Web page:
Shingles Vaccination • Prevention is better than aftercare
Protection from infectious diseases

Last updated: February 23, 2023

Shingles is still underestimated by many. Shingles Health Week (February 27-March 5, 2023) aims to help more people learn about the risks of the disease. Anyone infected with chickenpox carries the varicella-zoster virus for life. This also causes shingles. Vaccination can prevent shingles outbreaks. Why and to whom is preventative care so important?

An elderly woman receiving a vaccination
© GSK_Shutterstock_Yuganov Konstantin

Article content at a glance:

What is shingles?

A serious viral disease (herpes zoster) is caused by the varicella zoster virus. This virus can cause two different illnesses: Many people get chickenpox as children, and then shingles later in life. After contracting acute chickenpox, the virus remains in the body for life. Experts estimate that more than 95 percent of people over the age of 60 carry the varicella-zoster virus.

As we age, the immune system naturally weakens. After that, it often can no longer keep the varicella viruses in check and becomes active again. Stress and illnesses (such as COVID-19) can also spread shingles. The risk of shingles increases after the age of 60.

Learn about the symptoms of herpes zoster

At the onset of herpes zoster, non-specific symptoms such as fever, tiredness, and fatigue often appear – many people with the flu think at first. This is followed by skin changes typical of shingles: a band-shaped rash, often around the trunk or legs. It can also form on the face, and a possible severe form is facial rosacea. This can lead to visual or hearing impairment and even loss. The rash is usually accompanied by severe pain, which varies in intensity. Many sufferers report burning or stabbing pain. Here it is important to see a doctor as soon as possible to enable timely treatment.

Picture of shingles on the skin

© GSK_Getty_francescodiazpagador

Preventing complications from shingles

Up to 30 percent of infected people experience complications or secondary symptoms after herpes zoster. Persistent nerve pain is particularly common. Then the specialists talk about postherpetic neuralgia. Chronic pain can severely limit quality of life and daily life and lead to mental illnesses such as depression.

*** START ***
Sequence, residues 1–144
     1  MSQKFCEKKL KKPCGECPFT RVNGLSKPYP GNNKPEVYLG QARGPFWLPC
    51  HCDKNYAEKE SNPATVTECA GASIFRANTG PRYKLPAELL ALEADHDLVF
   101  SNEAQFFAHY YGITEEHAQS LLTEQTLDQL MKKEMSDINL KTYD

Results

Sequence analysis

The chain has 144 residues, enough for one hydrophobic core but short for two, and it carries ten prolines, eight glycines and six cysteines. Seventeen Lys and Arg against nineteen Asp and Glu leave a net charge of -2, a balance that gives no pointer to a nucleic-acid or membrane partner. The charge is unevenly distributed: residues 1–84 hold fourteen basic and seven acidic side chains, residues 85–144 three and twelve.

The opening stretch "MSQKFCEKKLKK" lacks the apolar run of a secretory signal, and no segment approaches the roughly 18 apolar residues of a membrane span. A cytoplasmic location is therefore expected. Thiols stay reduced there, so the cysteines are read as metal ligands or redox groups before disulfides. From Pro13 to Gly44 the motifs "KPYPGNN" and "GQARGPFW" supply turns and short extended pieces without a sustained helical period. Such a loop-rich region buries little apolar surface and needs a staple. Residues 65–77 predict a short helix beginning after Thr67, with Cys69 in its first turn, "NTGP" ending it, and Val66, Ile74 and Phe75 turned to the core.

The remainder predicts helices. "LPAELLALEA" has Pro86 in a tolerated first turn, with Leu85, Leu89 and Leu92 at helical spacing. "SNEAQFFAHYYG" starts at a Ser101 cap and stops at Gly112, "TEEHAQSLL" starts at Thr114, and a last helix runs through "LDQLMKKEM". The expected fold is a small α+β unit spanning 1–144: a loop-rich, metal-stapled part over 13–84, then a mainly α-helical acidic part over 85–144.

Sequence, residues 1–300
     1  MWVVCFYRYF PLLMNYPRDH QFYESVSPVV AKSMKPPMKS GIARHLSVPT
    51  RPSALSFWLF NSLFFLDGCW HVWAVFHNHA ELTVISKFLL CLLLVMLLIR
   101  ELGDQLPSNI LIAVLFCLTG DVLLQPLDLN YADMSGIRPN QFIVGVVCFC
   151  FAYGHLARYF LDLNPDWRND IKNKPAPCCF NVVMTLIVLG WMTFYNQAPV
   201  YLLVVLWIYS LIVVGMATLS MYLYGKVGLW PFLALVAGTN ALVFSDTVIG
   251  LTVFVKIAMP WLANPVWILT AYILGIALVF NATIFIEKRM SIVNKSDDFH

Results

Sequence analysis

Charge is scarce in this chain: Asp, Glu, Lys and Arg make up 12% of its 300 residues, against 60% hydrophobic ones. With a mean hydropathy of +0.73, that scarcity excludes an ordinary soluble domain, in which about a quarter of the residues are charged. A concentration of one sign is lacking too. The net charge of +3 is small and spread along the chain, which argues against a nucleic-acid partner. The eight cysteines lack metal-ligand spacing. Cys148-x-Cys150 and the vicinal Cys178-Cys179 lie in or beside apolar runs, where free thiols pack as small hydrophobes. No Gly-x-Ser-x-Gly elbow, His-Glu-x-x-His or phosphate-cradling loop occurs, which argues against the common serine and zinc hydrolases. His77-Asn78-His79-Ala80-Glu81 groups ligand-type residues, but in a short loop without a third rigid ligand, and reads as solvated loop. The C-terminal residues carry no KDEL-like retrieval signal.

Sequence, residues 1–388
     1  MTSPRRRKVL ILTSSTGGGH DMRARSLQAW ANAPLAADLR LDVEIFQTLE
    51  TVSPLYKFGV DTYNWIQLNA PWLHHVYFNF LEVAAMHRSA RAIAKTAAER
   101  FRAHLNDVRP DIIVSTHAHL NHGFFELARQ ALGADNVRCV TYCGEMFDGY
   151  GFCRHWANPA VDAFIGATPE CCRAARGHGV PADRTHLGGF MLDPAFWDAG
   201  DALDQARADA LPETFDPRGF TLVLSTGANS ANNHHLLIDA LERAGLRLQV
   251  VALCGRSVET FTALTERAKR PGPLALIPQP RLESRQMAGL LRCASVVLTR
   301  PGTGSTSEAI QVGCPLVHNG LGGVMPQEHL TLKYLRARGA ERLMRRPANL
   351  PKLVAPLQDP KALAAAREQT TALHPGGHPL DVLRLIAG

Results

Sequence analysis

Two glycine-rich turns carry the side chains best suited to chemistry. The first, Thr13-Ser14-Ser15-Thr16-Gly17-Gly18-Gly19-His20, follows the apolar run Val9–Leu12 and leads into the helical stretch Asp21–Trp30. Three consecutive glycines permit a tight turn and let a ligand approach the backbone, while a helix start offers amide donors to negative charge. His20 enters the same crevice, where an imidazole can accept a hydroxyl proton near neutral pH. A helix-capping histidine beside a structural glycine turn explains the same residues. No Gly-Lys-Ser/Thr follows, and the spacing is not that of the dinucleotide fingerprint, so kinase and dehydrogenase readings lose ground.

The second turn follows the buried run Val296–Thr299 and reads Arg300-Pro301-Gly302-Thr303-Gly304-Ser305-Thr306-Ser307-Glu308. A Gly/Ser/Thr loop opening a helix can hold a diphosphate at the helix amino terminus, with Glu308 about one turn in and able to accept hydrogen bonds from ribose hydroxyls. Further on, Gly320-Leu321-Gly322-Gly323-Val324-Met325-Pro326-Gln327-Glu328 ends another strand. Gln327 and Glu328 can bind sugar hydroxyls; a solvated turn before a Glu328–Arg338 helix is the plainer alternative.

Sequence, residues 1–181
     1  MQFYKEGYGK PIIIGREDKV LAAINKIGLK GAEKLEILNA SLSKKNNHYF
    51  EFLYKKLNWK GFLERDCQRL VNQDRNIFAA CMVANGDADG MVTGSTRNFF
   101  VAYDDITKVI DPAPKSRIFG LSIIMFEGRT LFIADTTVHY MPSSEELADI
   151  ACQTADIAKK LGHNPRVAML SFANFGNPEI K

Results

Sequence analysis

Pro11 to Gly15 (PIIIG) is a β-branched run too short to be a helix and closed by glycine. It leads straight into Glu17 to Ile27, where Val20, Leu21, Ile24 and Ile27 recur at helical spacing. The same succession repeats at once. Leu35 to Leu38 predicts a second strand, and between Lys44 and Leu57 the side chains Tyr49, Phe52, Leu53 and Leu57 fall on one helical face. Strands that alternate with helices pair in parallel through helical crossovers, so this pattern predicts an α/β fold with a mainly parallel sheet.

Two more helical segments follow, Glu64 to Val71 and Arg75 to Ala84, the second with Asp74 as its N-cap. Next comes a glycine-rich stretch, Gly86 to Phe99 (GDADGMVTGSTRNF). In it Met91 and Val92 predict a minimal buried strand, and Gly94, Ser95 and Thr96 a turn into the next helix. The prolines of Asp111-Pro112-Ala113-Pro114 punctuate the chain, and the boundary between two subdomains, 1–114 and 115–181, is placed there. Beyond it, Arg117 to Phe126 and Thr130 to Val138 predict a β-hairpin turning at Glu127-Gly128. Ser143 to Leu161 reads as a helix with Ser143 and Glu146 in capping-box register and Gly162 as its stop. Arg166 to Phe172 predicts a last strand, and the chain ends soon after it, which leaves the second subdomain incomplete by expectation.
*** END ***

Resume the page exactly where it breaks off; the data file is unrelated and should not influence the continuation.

Prevent herpes zoster with vaccination

Herpes zoster and its potential complications can be prevented. Since 2018, the Standing Committee on Immunization (STIKO) has recommended vaccination for all people over the age of 60. In addition, people over the age of 50 and those with pre-existing conditions can be vaccinated as a preventive measure. They include, for example:

  • HIV
  • HIV infection
  • Rheumatoid arthritis
  • Systemic lupus erythematosus
  • Chronic inflammatory bowel diseases such as Crohn’s disease or ulcerative colitis
  • bronchial asthma;
  • chronic obstructive pulmonary disease (COPD)
  • Chronic renal failure
  • diabetes

The herpes zoster vaccination is a double vaccination at intervals of two to six months. The influenza or COVID-19 vaccination may also be given close to the herpes zoster vaccine. It is best to get advice from your family doctor if you are concerned.

Protect yourself from shingles – let your doctor advise you on your prevention options. More info at

Brought to you by GSK

NP-DE-HZU-ADVR-230020; 02/23

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